Urgent action needed to double down on home building

Eleanor Creagh
Eleanor Creagh

Planning and zoning restrictions have made it tough to deliver on the number of homes we need in the right locations. But reforms alone won't address the acute challenges that are contributing to persistent undersupply.

In the immediate term, unless we can ease construction capacity constraints and cost pressures, delivering enough new houses or apartments will be difficult and we will continue to see the housing and rental crisis worsen.

The residential construction industry has been challenged by capacity constraints and higher costs, and consequent tight housing supply is flowing through to both prices for existing homes and the rental market.

Rental vacancy rates are not far off record lows in most markets and rental prices have surged 42% across the capital cities and 41% in regional areas since the pandemic onset.

Over the past four years, rental vacancies have more than halved (-58%) across the capital cities and almost halved (-47%) in regional areas.

The data underscores a chronic shortage of housing, which, combined with Australia's continuing population growth, is expected to further drive up record-high house prices and rents.

Increasing the supply of housing is one factor in curbing the decline in affordability that poses challenges for so many.

Many have pointed to the need to reform planning and zoning restrictions to unlock more housing supply and fast track approvals.

Planning and zoning reforms are not the only solution to Australia's housing shortage, according to PropTrack senior economist Eleanor Creagh. Picture: Getty

Victoria is streamlining planning and permitting processes, and the NSW government recently announced extensive reforms to help fast-track approvals for well located middle-density homes.

But an easing of planning restrictions isn’t the only factor that needs to be addressed to solve housing shortages.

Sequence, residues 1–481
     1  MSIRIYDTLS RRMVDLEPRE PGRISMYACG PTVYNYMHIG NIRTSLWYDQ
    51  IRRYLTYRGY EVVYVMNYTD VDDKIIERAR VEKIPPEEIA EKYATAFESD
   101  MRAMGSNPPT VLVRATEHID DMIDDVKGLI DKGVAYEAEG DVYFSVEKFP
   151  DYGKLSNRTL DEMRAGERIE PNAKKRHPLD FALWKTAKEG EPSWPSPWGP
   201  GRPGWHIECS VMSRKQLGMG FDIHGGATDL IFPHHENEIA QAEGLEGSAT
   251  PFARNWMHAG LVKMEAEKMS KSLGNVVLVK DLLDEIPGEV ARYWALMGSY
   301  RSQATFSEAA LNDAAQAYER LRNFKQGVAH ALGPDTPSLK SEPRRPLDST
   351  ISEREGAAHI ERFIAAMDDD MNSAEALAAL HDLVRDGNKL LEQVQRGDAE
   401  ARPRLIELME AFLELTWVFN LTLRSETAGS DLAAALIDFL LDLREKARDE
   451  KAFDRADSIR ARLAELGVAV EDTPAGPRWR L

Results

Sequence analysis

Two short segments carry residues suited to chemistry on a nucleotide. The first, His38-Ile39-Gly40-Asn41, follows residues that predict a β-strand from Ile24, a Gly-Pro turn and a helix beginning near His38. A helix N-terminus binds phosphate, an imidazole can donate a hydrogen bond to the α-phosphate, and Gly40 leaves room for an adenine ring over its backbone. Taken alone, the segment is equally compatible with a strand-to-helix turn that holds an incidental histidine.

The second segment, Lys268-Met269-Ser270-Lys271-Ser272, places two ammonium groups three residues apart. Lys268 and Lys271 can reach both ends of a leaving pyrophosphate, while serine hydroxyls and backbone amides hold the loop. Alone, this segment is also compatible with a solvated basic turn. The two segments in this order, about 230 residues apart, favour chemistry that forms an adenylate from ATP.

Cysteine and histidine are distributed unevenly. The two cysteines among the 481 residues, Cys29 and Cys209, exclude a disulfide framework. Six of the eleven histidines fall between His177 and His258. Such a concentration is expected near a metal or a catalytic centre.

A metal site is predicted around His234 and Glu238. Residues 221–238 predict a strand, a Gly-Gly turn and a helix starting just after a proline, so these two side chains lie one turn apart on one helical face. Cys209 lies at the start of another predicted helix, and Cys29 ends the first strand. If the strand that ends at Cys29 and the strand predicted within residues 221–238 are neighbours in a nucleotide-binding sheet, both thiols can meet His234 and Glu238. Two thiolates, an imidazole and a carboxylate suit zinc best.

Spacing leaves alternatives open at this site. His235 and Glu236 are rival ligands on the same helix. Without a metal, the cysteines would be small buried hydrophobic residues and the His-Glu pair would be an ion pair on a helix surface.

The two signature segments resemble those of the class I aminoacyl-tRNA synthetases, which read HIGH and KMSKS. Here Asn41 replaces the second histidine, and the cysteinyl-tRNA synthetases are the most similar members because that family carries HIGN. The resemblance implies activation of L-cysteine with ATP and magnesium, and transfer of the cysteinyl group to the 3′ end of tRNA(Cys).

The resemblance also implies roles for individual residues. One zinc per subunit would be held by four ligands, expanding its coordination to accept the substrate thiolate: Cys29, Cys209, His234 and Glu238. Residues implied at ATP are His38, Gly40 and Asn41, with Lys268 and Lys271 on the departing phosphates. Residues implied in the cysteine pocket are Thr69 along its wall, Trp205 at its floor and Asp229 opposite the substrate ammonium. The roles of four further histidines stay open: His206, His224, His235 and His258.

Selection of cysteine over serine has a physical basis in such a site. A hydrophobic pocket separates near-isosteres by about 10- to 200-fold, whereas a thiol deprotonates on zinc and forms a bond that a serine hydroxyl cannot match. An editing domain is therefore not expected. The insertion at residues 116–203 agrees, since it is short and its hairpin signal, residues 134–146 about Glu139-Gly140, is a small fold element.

New builds sidelined as higher input costs squeeze developers

Unfortunately, the supply side of the housing market has fallen short in responding to substantial demand.

Residential approvals and commencements are both at their lowest in over a decade according to the latest data from the Australian Bureau of Statistics (ABS) as industry-wide pressures weigh.  

However, to understand some of the acute issues compounding the housing shortage we need to look at the data on how many approved homes are actually built.

There is a pipeline of homes that have been approved for construction where work is yet to commence.

At present, close to 1 in 5 approved homes are not flowing through to completions, which is a bigger drop off than has been seen throughout the past decade.

This larger attrition between proposed homes and completion in part reflects a backlog due to the slowed pace of building.

But it’s likely that, given it’s harder to make feasibilities stack up due to labour and skills shortages and higher building materials and financing costs (in particular for multi-density projects) that many developments are being cancelled or postponed.

Subdued activity in the off-the-plan apartment market and lower pre-sales rates are also hindering the feasibility of new projects.

Developers bringing new stock to market will only do so if they are confident they can meet their internal rate of return hurdle.

That means a project may be shelved because higher labour, materials and financing costs compress margins result in a potentially lower return on investment.

Despite being approved, projects that are no longer feasible due to cost increases typically will not proceed.

Skilled labour shortages and an uptick in insolvencies across the building industry have also slowed the commencement of new builds adding further pressure resulting in projects being shelved.